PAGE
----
The ninth-floor CPA (Vic) headquarters had a drama in 1952 when Hill pressed an alarm button to signal all rooms that an ASIO raid had started. State President Ralph Gibson emptied his person of all useful documents, and ate them. Party functionary Gwladys Bourke could not work out how to get rid of her sensitive financial records. She prepared to dive out the ninth-floor window with them, a human sacrifice to the betterment of the working class. Just in time, she discovered from Hill that the alarm was only a test.
ASIO bugged Hill’s office and in 1956 leased an office on the eighth floor as a listening post for a husband-and-wife team. This office was disguised as a “market research business”. The bogus firm wrote sheafs of letters to overseas suppliers purely to get letters back that would be noticed by the ninth-floor dwellers. Rather cleverly, ASIO technicians made the cable from the ninth floor to the eighth floor twice as long as required. The ASIO woman was listening in when the line went dead because Hill’s people had discovered it, and she had the presence of mind to disconnect the cable and drop it down the wall cavity. The communists measured the cable and deduced that it went to a firm of investigators on the seventh floor. They not only accused the people there of being ASIO agents, but outed the firm in the party newspaper Tribune. ASIO’s “marketing firm” on the eighth floor continued for a couple of months and then quietly closed down.
ASIO’s snoopy coups against Ted Hill were often ingenious, not to mention illegal. In 1972, for example, ASIO specialists created a duplicate secret key to the Melbourne offices of an accounting firm, W. Alexander Boag, in Goodwin Chambers, Flinders Lane. ASIO was then able to enter secretly at will for the next eighteen months to photograph Hill’s tax and financial records. To aid the exercise, ASIO set up an office on the same floor for a front company, Kalamunda Mineral Reserves.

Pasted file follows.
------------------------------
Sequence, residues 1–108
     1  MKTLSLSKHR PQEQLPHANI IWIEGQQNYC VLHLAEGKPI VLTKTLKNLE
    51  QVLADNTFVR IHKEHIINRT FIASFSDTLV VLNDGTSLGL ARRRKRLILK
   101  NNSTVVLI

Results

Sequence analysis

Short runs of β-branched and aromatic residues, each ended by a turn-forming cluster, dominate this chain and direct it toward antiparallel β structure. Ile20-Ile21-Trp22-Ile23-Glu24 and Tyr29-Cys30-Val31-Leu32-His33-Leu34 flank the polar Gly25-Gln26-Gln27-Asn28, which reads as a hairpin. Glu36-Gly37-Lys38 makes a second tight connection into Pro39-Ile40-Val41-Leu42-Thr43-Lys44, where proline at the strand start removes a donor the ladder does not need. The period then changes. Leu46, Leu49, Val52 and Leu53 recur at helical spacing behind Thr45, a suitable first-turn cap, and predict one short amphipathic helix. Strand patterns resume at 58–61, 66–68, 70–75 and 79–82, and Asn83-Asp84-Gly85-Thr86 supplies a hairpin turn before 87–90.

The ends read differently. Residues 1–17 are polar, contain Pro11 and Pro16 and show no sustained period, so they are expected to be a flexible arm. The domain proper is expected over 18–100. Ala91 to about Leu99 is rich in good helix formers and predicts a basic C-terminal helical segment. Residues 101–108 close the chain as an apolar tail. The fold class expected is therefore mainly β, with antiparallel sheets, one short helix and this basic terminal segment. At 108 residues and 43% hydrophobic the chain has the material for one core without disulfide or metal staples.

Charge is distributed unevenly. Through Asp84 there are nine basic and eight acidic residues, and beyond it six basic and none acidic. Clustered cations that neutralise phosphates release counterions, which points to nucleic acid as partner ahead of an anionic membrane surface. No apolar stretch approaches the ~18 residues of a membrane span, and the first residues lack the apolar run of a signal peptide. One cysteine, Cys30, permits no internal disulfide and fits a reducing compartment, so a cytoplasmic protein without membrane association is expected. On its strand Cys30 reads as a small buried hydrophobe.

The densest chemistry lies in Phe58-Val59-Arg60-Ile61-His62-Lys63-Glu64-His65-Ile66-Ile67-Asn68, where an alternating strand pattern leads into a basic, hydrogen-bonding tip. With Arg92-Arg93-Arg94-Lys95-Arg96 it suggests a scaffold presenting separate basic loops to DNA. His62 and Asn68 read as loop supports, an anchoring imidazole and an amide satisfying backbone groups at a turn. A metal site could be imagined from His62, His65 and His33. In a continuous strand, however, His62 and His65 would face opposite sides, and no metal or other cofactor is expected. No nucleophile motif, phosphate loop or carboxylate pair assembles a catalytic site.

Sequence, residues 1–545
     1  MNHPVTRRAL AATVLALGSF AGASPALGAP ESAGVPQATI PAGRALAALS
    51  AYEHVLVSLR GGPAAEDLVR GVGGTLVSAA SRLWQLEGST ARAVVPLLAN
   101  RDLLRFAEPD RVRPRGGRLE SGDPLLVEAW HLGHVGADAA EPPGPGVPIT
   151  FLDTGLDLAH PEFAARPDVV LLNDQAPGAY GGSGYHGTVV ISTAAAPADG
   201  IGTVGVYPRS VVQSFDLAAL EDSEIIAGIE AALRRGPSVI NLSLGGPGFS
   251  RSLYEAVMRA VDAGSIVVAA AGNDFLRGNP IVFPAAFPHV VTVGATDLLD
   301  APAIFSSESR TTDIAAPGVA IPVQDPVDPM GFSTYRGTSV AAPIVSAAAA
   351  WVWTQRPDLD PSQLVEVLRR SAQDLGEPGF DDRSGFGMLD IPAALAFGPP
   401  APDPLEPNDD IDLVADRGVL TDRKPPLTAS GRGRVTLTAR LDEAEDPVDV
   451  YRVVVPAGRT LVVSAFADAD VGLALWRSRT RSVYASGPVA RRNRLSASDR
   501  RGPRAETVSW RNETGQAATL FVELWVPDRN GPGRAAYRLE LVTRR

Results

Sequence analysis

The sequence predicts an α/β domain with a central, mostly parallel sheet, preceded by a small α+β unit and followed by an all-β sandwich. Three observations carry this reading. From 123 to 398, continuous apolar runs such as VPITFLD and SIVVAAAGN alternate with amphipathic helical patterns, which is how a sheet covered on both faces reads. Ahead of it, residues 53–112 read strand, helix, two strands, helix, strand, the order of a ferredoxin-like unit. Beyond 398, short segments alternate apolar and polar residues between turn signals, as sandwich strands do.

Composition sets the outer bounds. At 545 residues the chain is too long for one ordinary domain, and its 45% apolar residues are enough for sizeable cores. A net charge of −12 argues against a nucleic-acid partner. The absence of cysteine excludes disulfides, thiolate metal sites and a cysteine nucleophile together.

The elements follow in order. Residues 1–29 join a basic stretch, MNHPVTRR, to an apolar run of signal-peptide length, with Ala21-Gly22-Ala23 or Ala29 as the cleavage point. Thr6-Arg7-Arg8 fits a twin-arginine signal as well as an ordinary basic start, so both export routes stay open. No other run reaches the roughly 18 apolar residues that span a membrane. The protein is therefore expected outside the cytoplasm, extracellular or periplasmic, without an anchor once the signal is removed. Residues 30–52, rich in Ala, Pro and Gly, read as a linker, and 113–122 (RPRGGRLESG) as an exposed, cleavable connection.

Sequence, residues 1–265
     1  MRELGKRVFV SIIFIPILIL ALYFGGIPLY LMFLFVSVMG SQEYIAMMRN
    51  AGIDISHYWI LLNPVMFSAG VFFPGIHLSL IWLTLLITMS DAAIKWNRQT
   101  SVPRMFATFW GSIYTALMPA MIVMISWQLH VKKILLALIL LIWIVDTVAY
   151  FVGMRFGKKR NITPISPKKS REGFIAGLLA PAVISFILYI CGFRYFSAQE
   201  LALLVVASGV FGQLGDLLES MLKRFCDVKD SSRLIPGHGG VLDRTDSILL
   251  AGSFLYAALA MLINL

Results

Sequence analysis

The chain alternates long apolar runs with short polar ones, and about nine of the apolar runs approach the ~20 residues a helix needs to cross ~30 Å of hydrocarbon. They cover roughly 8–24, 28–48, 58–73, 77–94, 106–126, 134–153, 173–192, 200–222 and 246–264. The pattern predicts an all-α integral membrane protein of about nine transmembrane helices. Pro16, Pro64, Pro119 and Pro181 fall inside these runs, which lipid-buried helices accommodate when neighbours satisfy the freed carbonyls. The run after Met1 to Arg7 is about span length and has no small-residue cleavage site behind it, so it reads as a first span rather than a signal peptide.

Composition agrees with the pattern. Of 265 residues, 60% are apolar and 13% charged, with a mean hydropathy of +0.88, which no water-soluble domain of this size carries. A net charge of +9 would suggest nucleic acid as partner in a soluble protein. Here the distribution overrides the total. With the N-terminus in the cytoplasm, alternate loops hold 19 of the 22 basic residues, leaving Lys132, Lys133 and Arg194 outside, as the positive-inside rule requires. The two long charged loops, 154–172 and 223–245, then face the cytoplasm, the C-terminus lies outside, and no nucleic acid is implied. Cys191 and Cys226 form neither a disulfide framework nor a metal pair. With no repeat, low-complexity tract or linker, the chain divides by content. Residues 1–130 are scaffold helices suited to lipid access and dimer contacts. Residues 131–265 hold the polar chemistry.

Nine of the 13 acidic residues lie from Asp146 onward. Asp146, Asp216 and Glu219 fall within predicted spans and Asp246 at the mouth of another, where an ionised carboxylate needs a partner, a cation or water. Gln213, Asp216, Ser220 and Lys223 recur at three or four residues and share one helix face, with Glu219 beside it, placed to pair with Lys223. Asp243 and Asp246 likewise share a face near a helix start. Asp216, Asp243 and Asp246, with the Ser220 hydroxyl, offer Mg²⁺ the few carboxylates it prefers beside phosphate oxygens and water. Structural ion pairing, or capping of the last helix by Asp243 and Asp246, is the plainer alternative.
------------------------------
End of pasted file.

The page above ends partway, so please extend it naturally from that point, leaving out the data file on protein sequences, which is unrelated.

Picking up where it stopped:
Not all bugging went smoothly. In late 1960, ASIO bugged the home of two of its main agents in the CPA in Sydney, in the hope of listening in to social conversations there with CPA leaders. There was a microphone in the lounge room wired to a tape recorder in a cardboard box under a workbench in the garage. But as David Horner puts it in Volume One of ASIO’s history:
Unfortunately, dogs destroyed the wires that ran under the house, rats chewed the tape in the garage, wood shavings fell from the workbench onto the recorder, and the fluorescent light in the lounge room interfered with the recording. Nothing of intelligence value was gained …
ASIO never lacked ingenuity. For example, it needed covert photos of communists among Labour Day marchers in Brisbane, but its subjects were facing the wrong way from the camera post. On a pre-arranged signal, an ASIO officer lit a big cracker behind the crowd. All heads turned towards the bang, and the cameramen got their snaps.
ASIO ranks were not solidly conservative. At least one ASIO officer bravely joined the Vietnam Moratorium march in Adelaide in 1970 as a supporter rather than an agent. Instead of getting into trouble, he got knowing looks from the special branch police, who assumed he was “on the job”.
One of ASIO’s constant problems was agents’ expense claims. Its all-time prolific plant was Czech immigrant Max Wechsler (code-named Bosch), who generated 702 reports from 1973 to 1975, meeting his handlers initially thrice-weekly and then every weekday. He passed through communist and Trotskyist security barriers as if they didn’t exist. On February 21, 1973, according to historian Dr Phil Deery, during a single day, Wechsler, then twenty-three, applied to join the CPA, was accepted and was given the task of answering the phone on behalf of Party president John Sendy. Wechsler also acquired the part-time job of cleaner for the Party offices. Penetration doesn’t get any better than that.